Why did you become an artist? Do you remember the moment of your decision?
We always had books about art and history around the house, so the decision to become an artist came to me very naturally and quite early on. At that moment, I thought being an artist was a fixed, stable thing, but over time I began to appreciate it as a constantly shifting state of mind. It changes just like your clothes.
In your artistic practice, you show the interest towards history.
By working with historical facts and takes I’m able to keep a healthy distance from the subjects I’m dealing with. This distance is there for several reasons: first and foremost, it is comforting to make esthetic decisions that aren’t just based on my personal preferences. The selection of certain stories may well be motivated by current events, but the distance is there to keep the project firmly within the realm of culture.
Allusions over activism, so to speak.
Your project Star Chamber and Amber Room, shown in Kiev in 2019 is still one of the most recognisable. By the instrument of changing the classic gallery interior you used the artistic power to face the visitors with a hidden mechanism of authority. What was the idea you followed?
I think this interpretation is very close. The installation combines two politically charged decorative schemes. The Star Chamber was a room in Westminster Palace that was founded by Henry VII, it basically was a seat for judges that were loyal to the king, who punished politically and socially prominent figureheads outside of regular equity court. It later became the symbol of absolute rule in England, and was abolished when Charles I was beheaded. The forefathers of the United States even took it as an example of a worst case scenario when they were drawing up their Constitution. The room was called after its star studded ceiling. Just before it was demolished in the nineteenth century, the room was accurately depicted in a description of Westminster Palace, and thanks to these drawings we were able to reproduce the pattern as a wallpaper.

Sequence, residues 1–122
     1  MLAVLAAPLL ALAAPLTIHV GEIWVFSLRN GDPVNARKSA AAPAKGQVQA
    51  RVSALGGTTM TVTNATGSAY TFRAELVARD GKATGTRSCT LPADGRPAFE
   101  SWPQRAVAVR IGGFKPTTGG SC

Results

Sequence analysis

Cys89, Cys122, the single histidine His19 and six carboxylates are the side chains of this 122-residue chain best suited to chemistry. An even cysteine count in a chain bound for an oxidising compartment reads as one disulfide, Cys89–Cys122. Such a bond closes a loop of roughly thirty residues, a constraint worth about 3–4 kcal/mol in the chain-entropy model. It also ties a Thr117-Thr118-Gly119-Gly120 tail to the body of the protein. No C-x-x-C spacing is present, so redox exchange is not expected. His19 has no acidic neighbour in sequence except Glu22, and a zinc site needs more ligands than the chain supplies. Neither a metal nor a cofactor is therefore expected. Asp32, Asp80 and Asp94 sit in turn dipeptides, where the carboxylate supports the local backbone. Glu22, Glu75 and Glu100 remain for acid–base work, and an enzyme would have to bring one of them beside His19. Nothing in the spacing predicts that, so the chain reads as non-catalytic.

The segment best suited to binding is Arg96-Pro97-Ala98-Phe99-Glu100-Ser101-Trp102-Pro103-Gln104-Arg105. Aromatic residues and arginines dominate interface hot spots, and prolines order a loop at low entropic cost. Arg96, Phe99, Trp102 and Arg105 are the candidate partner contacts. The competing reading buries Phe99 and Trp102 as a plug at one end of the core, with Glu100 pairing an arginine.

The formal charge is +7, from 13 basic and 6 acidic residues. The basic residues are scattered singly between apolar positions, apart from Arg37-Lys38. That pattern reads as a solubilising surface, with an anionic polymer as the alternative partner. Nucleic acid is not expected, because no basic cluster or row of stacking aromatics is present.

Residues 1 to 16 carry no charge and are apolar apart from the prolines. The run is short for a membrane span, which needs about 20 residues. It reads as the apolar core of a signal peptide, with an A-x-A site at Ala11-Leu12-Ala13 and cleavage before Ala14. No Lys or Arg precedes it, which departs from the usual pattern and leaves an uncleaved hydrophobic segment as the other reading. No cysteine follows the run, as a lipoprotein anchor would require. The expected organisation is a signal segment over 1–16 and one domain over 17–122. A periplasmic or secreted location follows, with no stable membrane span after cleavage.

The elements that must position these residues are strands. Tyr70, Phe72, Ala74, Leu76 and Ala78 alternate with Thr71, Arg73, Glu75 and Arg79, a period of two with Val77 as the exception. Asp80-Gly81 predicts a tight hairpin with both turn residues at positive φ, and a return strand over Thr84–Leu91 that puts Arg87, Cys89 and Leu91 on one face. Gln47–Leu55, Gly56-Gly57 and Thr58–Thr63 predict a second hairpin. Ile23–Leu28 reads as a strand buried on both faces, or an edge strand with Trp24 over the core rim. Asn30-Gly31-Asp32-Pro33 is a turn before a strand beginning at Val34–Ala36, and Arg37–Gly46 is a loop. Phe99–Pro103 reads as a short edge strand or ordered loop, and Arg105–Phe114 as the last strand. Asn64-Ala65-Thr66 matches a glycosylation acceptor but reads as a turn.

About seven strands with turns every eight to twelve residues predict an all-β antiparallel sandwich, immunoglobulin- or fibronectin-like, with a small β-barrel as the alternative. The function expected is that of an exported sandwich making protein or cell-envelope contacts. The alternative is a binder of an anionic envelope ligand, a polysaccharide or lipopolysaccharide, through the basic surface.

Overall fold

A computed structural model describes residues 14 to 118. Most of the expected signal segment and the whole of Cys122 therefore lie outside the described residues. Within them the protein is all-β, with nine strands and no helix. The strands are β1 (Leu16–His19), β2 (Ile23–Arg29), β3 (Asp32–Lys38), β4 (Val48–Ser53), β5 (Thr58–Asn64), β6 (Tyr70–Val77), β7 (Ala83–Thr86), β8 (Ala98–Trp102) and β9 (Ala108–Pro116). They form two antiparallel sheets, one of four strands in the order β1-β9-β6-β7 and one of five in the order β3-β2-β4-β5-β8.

The Amber room was a Louis XV-style wall covering made out of cut amber that was designed for Frederick the Great of Prussia. He donated the wall covering to the Russian tsarina to forge an alliance against Sweden. It was obviously named after the material it was made out of.
When both decorations are brought together in one project, their charged aspects are enhanced and brought to the foreground, but, first and foremost, they bathe the whole room in a warm and comfortable atmosphere. What personally attracts me to decoration is the side role it was forced to play since modernism, and how we came to think of it as a superficial discipline, whereas it’s the ideal method for most subtle manipulation. Aaron Betsky has written some interesting things about it.
Do you find that the format of personal stories nowadays shapes so many elements of life, that we would not be able to collect the current history at all? And maybe we don’t even need to?
I don’t necessarily think that’s accurate; on blogs or twitter there’s an awful lot of attention to the same subjects, but never any consensus. While I think that we have never had more of a lack of general consensus, we have also never been so tolerant of other opinions. If we look at the construction of history, we are rewriting it all the time. I’m looking forward to some digital archeology in due course. If we were to write history using only official sources, I think we would never rewrite our colonial stories and other hurtful things we’ve done that demand imminent reinterpretation.